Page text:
Posted Friday, February 18, 2005
Gigapixel Photos, Flickr Madness, and the Right Way to Use iPhoto
It's Friday -- must be time for a photography post. Today, I have a rich stew of photography-related tidbits, thanks in large part to friends who have forwarded cool sites on to me.
Gigapixel photos. No, there were no gigapixel digital cameras announced at the PMA convention this week. Maybe next year. In the meantime, there's The Gigapixl Project. By digitally scanning large-format negatives, these fiends are creating images with astonishing resolution.
Elsewhere on the Web and also of note: Breaking the Gigapixel Barrier and The 2.5 gigapixel photo of Delft. (Eat your heart out, Vermeer!)
Exploring connections on Flickr. A friend writes to say, "You have GOT to try this thing out... it's amazing what apps pop out of the ocean of pictures that is Flickr."
"This thing" is Flickr Graph, a "social network visualization." Enter a Flickr member's name and then explore the connections between that member and other members. You can also explore his or her photos and tags. It's astonishingly cool, and a wonderful use of Macromedia Flash.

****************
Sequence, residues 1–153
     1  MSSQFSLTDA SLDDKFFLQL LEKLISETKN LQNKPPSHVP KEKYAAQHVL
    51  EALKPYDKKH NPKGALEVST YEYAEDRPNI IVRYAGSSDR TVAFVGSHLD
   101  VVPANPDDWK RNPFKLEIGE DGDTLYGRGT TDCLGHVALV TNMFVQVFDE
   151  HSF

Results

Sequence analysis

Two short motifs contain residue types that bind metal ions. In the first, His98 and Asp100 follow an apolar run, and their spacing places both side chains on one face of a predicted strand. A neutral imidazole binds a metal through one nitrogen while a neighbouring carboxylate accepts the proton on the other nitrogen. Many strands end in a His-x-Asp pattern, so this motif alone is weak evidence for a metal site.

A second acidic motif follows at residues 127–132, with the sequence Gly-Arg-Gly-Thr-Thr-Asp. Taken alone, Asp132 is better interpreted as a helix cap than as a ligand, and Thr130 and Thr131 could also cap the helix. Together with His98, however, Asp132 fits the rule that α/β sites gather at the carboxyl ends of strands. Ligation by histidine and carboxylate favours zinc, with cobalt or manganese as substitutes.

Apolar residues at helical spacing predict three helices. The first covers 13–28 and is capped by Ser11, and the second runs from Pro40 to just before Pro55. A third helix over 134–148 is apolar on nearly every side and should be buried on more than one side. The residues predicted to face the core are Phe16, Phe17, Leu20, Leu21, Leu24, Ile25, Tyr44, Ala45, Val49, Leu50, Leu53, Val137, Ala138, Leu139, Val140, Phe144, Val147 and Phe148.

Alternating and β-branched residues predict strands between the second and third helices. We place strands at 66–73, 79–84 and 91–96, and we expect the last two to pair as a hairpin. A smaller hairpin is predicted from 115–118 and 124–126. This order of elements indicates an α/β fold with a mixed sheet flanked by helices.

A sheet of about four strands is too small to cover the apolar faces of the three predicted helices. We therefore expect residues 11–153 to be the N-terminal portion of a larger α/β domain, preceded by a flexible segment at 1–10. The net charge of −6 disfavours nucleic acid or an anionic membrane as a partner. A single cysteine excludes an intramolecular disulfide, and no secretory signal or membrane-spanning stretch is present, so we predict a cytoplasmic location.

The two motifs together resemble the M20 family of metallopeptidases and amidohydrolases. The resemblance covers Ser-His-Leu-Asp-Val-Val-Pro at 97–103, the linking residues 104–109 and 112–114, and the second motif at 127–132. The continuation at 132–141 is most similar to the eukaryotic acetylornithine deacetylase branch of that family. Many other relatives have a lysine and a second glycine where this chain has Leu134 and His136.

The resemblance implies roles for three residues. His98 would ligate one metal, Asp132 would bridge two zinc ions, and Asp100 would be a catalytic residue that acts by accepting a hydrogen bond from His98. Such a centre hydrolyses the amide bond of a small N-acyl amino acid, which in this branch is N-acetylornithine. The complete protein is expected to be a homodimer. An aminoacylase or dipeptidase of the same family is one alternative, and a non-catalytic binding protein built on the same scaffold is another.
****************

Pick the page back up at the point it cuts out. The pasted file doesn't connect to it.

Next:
I love Flickr but I haven't taken the time to add other Flickr members to my contacts list. That's going to change now. In the meantime, check out someone who has: my colleague Andy Ihnatko.
Performance tuning iPhoto. Over at MacOSXHints, people are spending far too much time trying to find the best-performing thumbnail size for iPhoto. The tip boils down to this: To quickly switch thumbnail sizes from the keyboard, click on any photo (or on the area between photos), then type 0, 1, or 2. Pressing 2 gives you a "native-sized" thumbnail that iPhoto doesn't have to work to scale.
But there's another way to performance-tune iPhoto: don't display more photos than you need to. You'll always get the best performance out of iPhoto if you view your library by roll (choose Film Rolls from the View menu), then collapse rolls whose photos you don't need. (Press Option while clicking any visible roll's triangle to collapse every roll in your library.)
It amazes me to see iPhoto users attempting to display and scroll through thousands of thumbnails. Kids! You and your Macs are working way too hard.
Yes, it's all in the book. These and other earth-shattering iPhoto insights are yours in the next edition of the original iLife book. 400 full-color pages and a 2-1/2 hour instructional DVD for a little over $20 on Amazon (34 percent off the cover price). Pre-order The Macintosh iLife '05 now -- while I go finish it.